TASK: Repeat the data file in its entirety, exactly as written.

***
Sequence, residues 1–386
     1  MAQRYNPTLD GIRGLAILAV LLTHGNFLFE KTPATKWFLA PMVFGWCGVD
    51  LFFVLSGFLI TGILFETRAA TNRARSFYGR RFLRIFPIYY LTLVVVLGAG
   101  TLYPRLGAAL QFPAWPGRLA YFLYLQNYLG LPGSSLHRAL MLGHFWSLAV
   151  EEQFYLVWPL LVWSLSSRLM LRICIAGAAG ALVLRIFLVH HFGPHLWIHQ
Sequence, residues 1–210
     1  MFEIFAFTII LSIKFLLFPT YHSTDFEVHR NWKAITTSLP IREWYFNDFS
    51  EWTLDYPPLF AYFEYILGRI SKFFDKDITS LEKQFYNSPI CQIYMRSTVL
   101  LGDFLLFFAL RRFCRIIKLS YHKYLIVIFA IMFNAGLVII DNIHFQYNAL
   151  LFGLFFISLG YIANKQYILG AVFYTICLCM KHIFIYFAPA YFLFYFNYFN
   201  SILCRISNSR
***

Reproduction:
Sequence, residues 1–386
     1  MAQRYNPTLD GIRGLAILAV LLTHGNFLFE KTPATKWFLA PMVFGWCGVD
    51  LFFVLSGFLI TGILFETRAA TNRARSFYGR RFLRIFPIYY LTLVVVLGAG
   101  TLYPRLGAAL QFPAWPGRLA YFLYLQNYLG LPGSSLHRAL MLGHFWSLAV
   151  EEQFYLVWPL LVWSLSSRLM LRICIAGAAG ALVLRIFLVH HFGPHLWIHQ
Sequence, residues 1–210
     1  MFEIFAFTII LSIKFLLFPT YHSTDFEVHR NWKAITTSLP IREWYFNDFS
    51  EWTLDYPPLF AYFEYILGRI SKFFDKDITS LEKQFYNSPI CQIYMRSTVL
   101  LGDFLLFFAL RRFCRIIKLS YHKYLIVIFA IMFNAGLVII DNIHFQYNAL
   151  LFGLFFISLG YIANKQYILG AVFYTICLCM KHIFIYFAPA YFLFYFNYFN
   201  SILCRISNSR